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Paper1 erik meijaard[1]

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    Paper1 erik meijaard[1] Paper1 erik meijaard[1] Presentation Transcript

    • SWCC 2012 Erik Meijaard, PhDPeople and Nature Consulting International, Jakarta (IND) University of Queensland, Brisbane (AUS) Center for International Forestry Research, Bogor (IND)
    •  Biodiversity background Threat Economic development vs environmental costs Ideas, solutions Discussion
    • 25 million y.a. 2.5 million y.a. 15,000 y.a.• Long-term, relatively stable climate (compared to other parts of the world)• High geological activity (boundary of 3 converging plates : the India-Australian, Eurasian, and Pacific)• Melting pot of Eurasian and Australian/Oceanic faunas• The result: Very high species diversity and many endemics
    • Sodhi et al. 2004, Trends in Ecology & Evolution19: 654-660
    • Area Size (km2) Plants (n) Vertebrates (n)Brazil 8,514,877 ~55,000 6,131Indonesia 1,904,569 ~28,000 2,973Malaysia 329,847 ~23,500 1,912Thailand 513,120 ~10,000 2,945Singapore 699 2,145 695Area Threatened Threatened Threat. animal + animals (n) * plants (n) * plants/100 km2Brazil 401 398 0.009Indonesia 755 398 0.061Malaysia 489 697 0.360Thailand 420 96 0.100Singapore 215 57 22.604IUCN Red List. * is all species listed as extinct, vulnerable, endangered, or critically endangered
    •  Much of SE Asia’s biodiversity resides in its forests SE Asia’s has the highest annual deforestation rates in the tropics High levels of wildlife trade and hunting Projected losses of 13– 85% of biodiversity in the region by 2100Sodhi N.S. et al (2010) The state and conservation of Southeast Asian biodiversity. Biodivers. Conserv 19, 317-328.
    •  Between 2000 and 2010: an overall 11 million ha decline in forest cover in insular Southeast Asia alone (4 times Sabah). Especially high in peat swampsMiettinen et al. Global Change Biology (2011)
    •  Agricultural land use classes: lowest species diversity Agroforestry systems and plantations: intermediate diversity Selectively harvested forest: species diversity almost as high as primary Gibson et al. 2011. Nature forest
    •  In 2010, 8.3 million ha of closed canopy oil- palm plantations occurred in Peninsular Malaysia (2 million ha), Borneo (2.4 million ha), and Sumatra (3.9 million ha) ≈ 6.2 % of landmass Oil palm is not the only cause of deforestation But oil palm is associated with high levels of wildlife killing (pigs, monkeys, but also orangutan and tiger)Koh L.P. et al. (2011) Remotely sensed evidence of tropical peatland conversion to oil palm. Proc Natl Acad Sci U S A108, 5127-5132.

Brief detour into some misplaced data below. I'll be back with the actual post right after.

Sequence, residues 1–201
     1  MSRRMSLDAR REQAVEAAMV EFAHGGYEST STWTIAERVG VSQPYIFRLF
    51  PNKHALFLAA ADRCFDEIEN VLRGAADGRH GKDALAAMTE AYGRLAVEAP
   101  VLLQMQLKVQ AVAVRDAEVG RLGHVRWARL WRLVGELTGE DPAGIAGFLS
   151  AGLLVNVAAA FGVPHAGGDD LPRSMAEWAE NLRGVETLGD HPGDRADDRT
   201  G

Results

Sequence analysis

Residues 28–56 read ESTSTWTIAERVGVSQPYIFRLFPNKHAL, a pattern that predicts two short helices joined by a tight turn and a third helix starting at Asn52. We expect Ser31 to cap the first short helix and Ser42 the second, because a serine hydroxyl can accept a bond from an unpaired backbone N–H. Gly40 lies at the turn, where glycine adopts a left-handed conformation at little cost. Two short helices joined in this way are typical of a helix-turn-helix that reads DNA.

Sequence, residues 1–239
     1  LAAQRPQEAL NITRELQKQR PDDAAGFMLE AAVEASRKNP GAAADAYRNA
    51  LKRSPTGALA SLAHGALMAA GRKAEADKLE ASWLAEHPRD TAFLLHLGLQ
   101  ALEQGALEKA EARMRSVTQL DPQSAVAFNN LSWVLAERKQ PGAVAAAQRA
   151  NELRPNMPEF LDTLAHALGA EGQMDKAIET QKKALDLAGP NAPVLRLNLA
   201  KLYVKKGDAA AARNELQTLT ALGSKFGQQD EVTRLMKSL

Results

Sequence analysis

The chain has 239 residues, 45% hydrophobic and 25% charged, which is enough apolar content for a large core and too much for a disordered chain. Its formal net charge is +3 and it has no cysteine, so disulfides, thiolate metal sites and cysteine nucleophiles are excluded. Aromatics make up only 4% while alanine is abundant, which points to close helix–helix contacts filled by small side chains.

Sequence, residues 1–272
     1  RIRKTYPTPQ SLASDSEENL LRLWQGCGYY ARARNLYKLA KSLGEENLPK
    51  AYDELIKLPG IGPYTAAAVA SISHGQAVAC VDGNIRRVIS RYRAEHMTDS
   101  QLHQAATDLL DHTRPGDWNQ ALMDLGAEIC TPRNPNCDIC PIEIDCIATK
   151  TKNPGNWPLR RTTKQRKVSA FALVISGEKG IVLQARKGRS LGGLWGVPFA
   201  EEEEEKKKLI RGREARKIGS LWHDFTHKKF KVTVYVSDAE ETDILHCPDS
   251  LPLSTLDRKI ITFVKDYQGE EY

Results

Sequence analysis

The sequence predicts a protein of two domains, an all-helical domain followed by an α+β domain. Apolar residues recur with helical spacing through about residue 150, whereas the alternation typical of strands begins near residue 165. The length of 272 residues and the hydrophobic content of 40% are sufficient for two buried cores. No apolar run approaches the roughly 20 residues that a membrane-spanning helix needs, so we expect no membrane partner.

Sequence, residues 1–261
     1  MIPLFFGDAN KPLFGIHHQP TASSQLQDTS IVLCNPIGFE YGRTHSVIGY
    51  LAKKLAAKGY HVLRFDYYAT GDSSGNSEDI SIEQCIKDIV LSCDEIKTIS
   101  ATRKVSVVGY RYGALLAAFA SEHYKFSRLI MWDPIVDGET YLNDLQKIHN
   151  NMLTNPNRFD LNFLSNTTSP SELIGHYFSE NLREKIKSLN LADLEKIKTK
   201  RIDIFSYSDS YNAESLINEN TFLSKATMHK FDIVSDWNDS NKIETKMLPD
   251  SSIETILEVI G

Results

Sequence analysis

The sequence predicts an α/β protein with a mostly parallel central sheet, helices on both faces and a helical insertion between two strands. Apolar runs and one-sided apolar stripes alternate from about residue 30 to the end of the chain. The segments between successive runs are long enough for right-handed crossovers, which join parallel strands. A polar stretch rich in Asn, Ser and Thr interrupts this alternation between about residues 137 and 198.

•  3.5 million animals legally exported from SE Asia every year. Illegally ?? Some species used in traditional medicine, such as pangolins, have been hunted to near extinction Experts estimate the value of the illegal wildlife trade at 10-20 billion US dollars annually  In Kalimantan alone, between 1950 and 3100 orangutans are killed every year  Empty forest syndrome Meijaard E. et al. (2011) PLoS ONE 6, e27491.
    •  Forest transition curve holds quite well in Asia  China, India, Vietnam have increased forest cover.  But not only GDP/cap. important (US$ 2,775).Environmental Kuznets Curve Quality of governance and increased crop yields are also important factors Key factor is Policy, i.e., Political Commitment Mather A.S. (2007) Recent Asian forest transitions in relation to forest-transition theory. International Forestry Review 9, 491-502.
    • Assuming there is political (and popular)commitment, the key to maintainingbiodiversity is to: Maximize permanent forests and forest connectivity’ Optimize land use in multifunctional landscapes Focus development of monocultures on already degraded lands
    •  Nature’s capital is not normally monetized, but global value has been estimated at US$16–54 trillion per year Water, erosion control, soil fertility, carbon etc. are rarely monetized, but do have real value. If a genuine value for retaining an environmental service exists, why no market developed? – cheaper options exist. Developing functioning ecosystem service requires government commitment
    •  Forest stabilization has to occur; > 0% Sabah stabilized; Sarawak and Indonesia not yet. All could be better planned Political will and good governance needed to implement well-planned land use. Law enforcement crucial. An official "No Kill Policy" could be part of the solutions to reduce the heat faced by the oil palm industry right now. Business plays a key role in implementation
    •  Contact details: emeijaard@gmail.com